Trump’s Tariffs Would Kill These American Jobs
Donald Trump would love what Arnold Kamler’s doing.
One of the president’s top campaign promises was to bring manufacturing jobs back to the U.S., and Kamler is on a quest to revive a decimated industry: American-made bicycles. Almost all of the roughly 18 million bicycles sold each year in the U.S. come from China and Taiwan.
This year, about 130 workers at Kamler’s new factory in Manning, South Carolina, will assemble 350,000 bikes. In just three years since the 200,000-square-foot factory opened, Kamler’s company, Kent International Inc., has become the biggest U.S. bike maker under its Bicycle Corporation of America brand.
Trump has repeatedly threatened to impose high tariffs on imports from China and Mexico. A similar strategy worked swimmingly for Kamler’s thriving European counterparts: More than half of the 20 million bikes sold in Europe last year were made there, and European bike makers say heavy tariffs protected the industry and jobs. Putting together all those frames, gears, and wheels directly keeps about 45,000 workers busy on shop floors from Portugal to Romania, according to industry estimates.
Kamler’s experience shows why it won’t be as easy in the U.S. as slapping a big tax on a box.
The stark difference goes back to the 1980s, when China began to flood Western stores with cheap bikes. Europe fought back with tariffs. But with U.S. retailers hungry for inexpensive products, American manufacturers moved production overseas.
So Europe never lost its domestic bike industry. The U.S. did.
Kamler’s family has been in the bike business for three generations, long enough to see U.S. manufacturing soar, then wobble and practically disappear. Initially, the family largely served as middlemen, supplying retail stores with bikes either made in America or imported.
By the 1970s, more than 15 million bicycles were produced domestically per year—the biggest modern bike-making boom in the U.S. More than 1 million of those were built in the Chicago factories of Schwinn Bicycles Inc. “Every plant was at or over capacity,” said industry consultant Jay Townley, a former executive at Schwinn.
Schwinn supported tariffs during the 1950s and 1960s, then flipped its position in 1971, arguing against them for the next three decades. The company’s reversal was prompted by its decision to move production overseas, Townley said. Dorel Industries Inc., which acquired Schwinn’s parent company in 2004, didn’t respond to requests for comment.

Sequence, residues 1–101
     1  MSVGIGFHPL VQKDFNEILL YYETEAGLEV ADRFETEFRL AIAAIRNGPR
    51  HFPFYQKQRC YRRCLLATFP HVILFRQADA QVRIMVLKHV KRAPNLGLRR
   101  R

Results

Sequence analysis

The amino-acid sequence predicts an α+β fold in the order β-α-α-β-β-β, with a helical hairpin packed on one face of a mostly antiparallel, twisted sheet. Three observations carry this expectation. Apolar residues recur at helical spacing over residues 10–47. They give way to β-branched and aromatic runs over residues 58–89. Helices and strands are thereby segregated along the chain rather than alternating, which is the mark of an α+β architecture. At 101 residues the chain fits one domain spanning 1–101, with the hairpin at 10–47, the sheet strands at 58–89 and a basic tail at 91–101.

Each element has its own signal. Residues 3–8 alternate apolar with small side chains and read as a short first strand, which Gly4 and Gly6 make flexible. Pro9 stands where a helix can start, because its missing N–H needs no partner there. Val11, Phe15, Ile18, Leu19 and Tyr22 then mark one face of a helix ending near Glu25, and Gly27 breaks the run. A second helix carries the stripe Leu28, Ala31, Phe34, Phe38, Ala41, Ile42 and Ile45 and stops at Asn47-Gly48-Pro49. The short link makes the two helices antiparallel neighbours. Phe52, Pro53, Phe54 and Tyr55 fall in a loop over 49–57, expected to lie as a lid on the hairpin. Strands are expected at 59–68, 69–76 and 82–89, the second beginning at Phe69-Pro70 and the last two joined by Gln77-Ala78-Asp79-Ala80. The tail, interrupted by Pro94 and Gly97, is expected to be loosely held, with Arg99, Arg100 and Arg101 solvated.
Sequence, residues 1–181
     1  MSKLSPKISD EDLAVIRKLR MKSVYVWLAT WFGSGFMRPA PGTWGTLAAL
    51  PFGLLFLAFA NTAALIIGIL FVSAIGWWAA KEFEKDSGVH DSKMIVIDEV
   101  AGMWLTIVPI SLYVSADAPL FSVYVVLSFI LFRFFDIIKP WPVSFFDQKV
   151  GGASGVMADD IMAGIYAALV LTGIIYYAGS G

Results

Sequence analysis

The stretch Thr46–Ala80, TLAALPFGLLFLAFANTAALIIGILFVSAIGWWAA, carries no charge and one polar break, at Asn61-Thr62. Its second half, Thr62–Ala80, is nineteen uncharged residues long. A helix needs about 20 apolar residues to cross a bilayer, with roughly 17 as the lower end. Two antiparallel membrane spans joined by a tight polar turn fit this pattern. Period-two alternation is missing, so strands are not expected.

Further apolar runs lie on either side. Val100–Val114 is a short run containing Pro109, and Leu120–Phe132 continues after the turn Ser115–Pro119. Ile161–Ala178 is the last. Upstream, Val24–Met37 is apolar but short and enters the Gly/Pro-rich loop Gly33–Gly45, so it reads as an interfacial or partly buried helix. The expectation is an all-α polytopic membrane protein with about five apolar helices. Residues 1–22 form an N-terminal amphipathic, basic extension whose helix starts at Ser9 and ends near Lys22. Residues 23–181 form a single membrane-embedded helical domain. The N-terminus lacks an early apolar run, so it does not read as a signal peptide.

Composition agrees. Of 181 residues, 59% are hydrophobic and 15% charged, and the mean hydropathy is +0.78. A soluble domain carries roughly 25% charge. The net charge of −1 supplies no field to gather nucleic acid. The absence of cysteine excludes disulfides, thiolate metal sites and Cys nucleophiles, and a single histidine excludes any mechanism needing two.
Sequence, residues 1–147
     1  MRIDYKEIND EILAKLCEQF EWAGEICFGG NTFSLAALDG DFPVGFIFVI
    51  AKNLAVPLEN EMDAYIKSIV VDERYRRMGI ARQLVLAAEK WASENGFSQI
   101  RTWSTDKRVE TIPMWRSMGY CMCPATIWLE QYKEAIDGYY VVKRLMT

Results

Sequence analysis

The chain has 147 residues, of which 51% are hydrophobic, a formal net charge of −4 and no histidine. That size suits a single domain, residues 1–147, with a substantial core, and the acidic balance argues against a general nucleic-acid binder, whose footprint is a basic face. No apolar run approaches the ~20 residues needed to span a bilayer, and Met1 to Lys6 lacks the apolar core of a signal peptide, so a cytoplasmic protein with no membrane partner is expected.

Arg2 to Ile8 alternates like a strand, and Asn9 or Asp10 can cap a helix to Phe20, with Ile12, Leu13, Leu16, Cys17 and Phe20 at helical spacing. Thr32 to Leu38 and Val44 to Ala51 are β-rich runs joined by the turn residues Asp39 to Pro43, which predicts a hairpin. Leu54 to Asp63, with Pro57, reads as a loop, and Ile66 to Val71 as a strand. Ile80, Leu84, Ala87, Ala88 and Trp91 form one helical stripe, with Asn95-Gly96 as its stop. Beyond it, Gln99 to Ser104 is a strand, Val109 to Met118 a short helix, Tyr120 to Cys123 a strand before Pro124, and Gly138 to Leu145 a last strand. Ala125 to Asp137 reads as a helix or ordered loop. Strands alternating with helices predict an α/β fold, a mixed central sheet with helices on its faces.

In 1979, Kent also started producing its own bikes at a factory in New Jersey but couldn’t afford to compete with Chinese-made products. In 1991, the company closed its factory and continued selling imports. That’s still the heart of the business: Kamler expects to import 2.6 million units from China this year for retailers. Kent’s total revenue will reach $230 million this year, up from $215 million in 2016, he said.
Europe’s bike makers were chugging along, making roughly 12 million units annually, when the threat from China arose. They cried foul, suspecting the Chinese government was providing subsidies such as cheap or free equipment, energy, and property.
“Some of our competitors in China make money on the subsidies,” said Moreno Fioravanti, secretary general of the European Bicycle Manufacturers Association. “They sell product at a loss.”
Countries have long put tariffs on imports, both to protect domestic industries and raise money. But European bike manufacturers wanted more firepower to fight what they saw as unfair trade practices. They pushed the European Commission to use World Trade Organization rules to impose what are known as anti-dumping tariffs—additional levies meant to discourage foreign competitors from flooding markets with underpriced goods.
In 1991, the European Commission investigated and found “considerable price undercutting” by Chinese exporters that “had a major negative impact” on prices and sales for Europe’s producers. Two years later, Europe started charging an additional 30.6 percent anti-dumping tariff on bicycles imported from China—on top of the normal tariffs—steadily increasing it to today’s level of 48.5 percent.
A much different scenario unfolded in the U.S.
Major retailers blocked efforts from bike manufacturers to get U.S. officials to impose anti-dumping tariffs. They loved low-priced imports that lured customers in the door. By 1998, 87 percent of bicycles sold in the U.S. were imported. By 2000, it was up to 98 percent and has stayed around that level, according to industry figures.